The Review at a Glance: (max score: 5 )
Audio/Video total rating:
( Max score: 100 )
Studio and Year: Warner - 1993
MPAA Rating: PG-13
Feature running time: 130 minutes
Disc Format: BD-50
Encoding: AVC (MPEG-4)
Video Aspect: 1.85:1
Audio Format(s): English DTS-HD 5.1 Master Audio, English/Spanish Dolby Digital 5.1
Subtitles: English SDH, French, Spanish
Starring: Harrison Ford, Tommy Lee Jones, Joe Pantliano, Sela Ward, Andreas Katsulas, Jeroen Krabbe, Julianne Moore
Directed by: Andrew Davis
Music by: James Newton Howard
Written by: Jeb Stuart & David Twohy based on characters created by Roy Huggins
Region Code: A,B,C
Blu-ray Disc release Date: September 3, 2013
For Dr. Richard Kimble (Harrison Ford), a wrongfully convicted fugitive, the trail leads toward the one-armed man he believes murdered his wife. For U.S. Marshal Sam Gerard (Academy Award winner Tommy Lee Jones), the hunt will end with the capture of escaped prisoner Kimble.
Catch him, if you can. The Fugitive is on the run as Harrison Ford and Tommy Lee Jones race through this breathless manhunt thriller inspired by the classic TV series which starred David Janssen. Ford is prison escapee Dr. Richard Kimble, a Chicago surgeon falsely convicted of killing his wife and determined to prove his innocence by leading his pursuers to the one-armed man who committed the crime. Jones is Sam Gerard, an unrelenting bloodhound of a U.S. marshal who “doesn’t care” about Kimble’s guilt or innocence. They are hunted and hunter….
I can remember my parents watching The Fugitive TV Series when I was a child and then I saw it here and there in reruns. I liked the show, star David Janssen’s portrayal of Dr. Richard Kimble and of the course the series finale when Kimble actually catches up to the one armed man. I wasn’t sure about making The Fugitive into a film, nor was I certain that Harrison Ford was right for Dr. Kimble especially when I thought of David Janssen. I went and saw The Fugitive when it opened in theaters back in 1993 and my concerns were quickly laid to rest.
It’s a superb thriller that not only captures the essence of what made the TV series good but because it's an edge of your seat ride that ratchet’s up the suspense while also adding some well placed action and wit. Ford is just fine in the role of Kimble but in my opinion it’s Tommy Lee Jones that makes the film and literally steals every scene he is in. I remember finding it odd at the time that he would win the Academy Award for a non-dramatic role but after repeated viewings there is no question that this wouldn’t be the same film without him. I have seen it numerous times and for me it is one of those movies that I can watch over and over and never tire of. Regardless of knowing how it will turn out I still enjoy the suspense, the thrill of the chase and the excellent interplay among the characters both spoken and unspoken.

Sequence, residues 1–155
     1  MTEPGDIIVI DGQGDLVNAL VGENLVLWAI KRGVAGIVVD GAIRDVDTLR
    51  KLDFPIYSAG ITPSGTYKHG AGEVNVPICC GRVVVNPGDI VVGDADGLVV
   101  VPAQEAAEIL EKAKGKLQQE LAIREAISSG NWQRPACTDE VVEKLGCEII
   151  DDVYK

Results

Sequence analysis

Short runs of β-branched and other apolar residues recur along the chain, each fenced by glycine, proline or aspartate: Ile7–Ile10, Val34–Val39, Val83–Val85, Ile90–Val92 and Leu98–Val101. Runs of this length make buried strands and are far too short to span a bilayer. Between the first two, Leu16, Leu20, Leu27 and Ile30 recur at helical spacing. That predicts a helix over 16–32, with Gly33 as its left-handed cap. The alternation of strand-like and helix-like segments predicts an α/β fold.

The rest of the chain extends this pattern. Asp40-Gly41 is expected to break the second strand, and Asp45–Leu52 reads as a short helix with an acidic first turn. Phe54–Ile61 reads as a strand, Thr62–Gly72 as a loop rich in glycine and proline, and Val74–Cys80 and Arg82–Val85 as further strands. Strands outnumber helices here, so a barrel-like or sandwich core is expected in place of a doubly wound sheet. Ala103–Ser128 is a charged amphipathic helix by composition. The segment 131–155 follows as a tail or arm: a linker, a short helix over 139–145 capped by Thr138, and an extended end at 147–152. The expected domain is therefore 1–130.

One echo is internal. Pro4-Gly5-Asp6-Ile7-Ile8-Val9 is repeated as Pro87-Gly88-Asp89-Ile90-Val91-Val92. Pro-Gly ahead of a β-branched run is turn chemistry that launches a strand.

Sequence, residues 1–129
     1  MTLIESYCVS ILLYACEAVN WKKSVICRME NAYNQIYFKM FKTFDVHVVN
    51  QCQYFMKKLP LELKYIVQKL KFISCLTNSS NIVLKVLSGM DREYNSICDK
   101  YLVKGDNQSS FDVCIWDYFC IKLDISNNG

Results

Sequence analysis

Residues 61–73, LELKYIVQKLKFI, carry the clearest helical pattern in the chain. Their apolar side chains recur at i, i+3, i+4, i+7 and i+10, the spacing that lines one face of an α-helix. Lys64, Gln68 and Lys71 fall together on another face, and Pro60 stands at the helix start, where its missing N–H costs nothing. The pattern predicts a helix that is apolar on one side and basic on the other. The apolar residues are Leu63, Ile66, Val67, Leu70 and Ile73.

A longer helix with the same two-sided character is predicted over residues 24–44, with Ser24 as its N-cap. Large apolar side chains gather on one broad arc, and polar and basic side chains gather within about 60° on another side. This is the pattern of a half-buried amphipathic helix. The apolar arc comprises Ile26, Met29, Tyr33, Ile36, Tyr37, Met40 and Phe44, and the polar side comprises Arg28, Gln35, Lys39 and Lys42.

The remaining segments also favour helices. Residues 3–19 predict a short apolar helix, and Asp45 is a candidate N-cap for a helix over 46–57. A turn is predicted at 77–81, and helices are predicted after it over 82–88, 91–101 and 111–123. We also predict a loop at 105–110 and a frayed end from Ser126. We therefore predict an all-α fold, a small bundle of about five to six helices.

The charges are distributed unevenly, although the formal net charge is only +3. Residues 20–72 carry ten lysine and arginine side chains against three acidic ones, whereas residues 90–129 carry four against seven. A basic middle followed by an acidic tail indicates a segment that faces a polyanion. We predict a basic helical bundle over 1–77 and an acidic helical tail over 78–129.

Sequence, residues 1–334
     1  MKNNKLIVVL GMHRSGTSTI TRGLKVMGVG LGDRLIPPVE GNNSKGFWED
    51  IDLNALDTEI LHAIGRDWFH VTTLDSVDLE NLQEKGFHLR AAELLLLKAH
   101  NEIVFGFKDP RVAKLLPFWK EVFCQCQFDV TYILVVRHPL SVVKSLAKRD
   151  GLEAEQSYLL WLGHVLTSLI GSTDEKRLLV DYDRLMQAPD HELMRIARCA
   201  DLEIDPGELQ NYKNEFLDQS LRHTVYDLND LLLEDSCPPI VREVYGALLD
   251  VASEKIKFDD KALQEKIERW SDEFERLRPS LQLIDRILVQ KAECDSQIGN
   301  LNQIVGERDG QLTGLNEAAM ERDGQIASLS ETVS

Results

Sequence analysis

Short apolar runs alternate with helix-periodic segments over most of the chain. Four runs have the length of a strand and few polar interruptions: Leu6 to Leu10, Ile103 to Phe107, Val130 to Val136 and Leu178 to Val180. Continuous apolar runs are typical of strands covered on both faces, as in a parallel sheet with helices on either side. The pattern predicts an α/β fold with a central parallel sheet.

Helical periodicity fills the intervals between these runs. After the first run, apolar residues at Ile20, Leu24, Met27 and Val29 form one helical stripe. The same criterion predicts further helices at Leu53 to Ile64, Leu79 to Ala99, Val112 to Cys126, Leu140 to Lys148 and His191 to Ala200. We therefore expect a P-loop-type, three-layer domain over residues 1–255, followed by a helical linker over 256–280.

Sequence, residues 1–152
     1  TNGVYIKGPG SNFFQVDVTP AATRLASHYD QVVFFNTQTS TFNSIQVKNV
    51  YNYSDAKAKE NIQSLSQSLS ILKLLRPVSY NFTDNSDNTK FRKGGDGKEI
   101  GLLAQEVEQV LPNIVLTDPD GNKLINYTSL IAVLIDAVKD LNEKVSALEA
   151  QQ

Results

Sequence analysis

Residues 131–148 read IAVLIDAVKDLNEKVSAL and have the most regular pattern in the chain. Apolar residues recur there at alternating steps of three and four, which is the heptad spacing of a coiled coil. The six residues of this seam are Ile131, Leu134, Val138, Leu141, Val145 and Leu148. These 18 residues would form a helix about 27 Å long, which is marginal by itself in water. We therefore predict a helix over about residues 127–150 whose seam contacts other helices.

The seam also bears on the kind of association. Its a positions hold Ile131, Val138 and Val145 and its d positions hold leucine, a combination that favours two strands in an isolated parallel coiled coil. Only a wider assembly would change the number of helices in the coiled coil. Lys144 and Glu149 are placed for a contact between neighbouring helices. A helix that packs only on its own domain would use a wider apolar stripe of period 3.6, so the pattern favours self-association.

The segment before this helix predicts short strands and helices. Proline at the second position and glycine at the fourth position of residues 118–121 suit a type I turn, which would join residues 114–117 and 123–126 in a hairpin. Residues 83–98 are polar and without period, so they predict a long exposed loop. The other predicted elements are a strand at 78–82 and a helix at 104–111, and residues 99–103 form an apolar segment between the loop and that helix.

I watched it with my teenaged son who had never seen it and he absolutely loved it. In its genre I consider The Fugitive to be a classic and timeless film that is among my personal favorites.
The rating is for violence, language and thematic material.
AUDIO/VIDEO - By The Numbers:
REFERENCE = 92-100 / EXCELLENT = 83-91 / GOOD = 74-82 / AVERAGE = 65-73 / BELOW AVERAGE = under 65
**My audio/video ratings are based upon a comparative made against other high definition media/blu-ray disc.**
(Each rating is worth 4 points with a max of 5 per category)
- Low frequency extension:
- Surround Sound presentation:
- Dialogue Reproduction:
(Each rating is worth 4 points with a max of 5 per category)
- Black level/Shadow detail:
- Color reproduction:
The Fugitive: 20th anniversary comes to Blu-ray Disc from Warner Home Video featuring 1080p AVC encoded video that has an average bitrate of 22 Mbps and lossless DTS-HD 5.1 Master Audio sound that has an average bitrate of 4.2 Mbps.